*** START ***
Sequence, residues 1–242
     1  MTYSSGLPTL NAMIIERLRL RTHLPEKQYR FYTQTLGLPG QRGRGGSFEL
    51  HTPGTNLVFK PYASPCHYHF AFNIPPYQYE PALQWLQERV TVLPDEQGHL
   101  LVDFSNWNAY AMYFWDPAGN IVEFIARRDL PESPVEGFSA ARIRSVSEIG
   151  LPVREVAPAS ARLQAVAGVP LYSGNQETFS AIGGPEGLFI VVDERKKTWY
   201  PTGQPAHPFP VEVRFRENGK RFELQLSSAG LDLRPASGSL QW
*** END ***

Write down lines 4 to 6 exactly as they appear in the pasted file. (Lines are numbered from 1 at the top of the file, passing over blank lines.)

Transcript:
   101  LVDFSNWNAY AMYFWDPAGN IVEFIARRDL PESPVEGFSA ARIRSVSEIG
   151  LPVREVAPAS ARLQAVAGVP LYSGNQETFS AIGGPEGLFI VVDERKKTWY
   201  PTGQPAHPFP VEVRFRENGK RFELQLSSAG LDLRPASGSL QW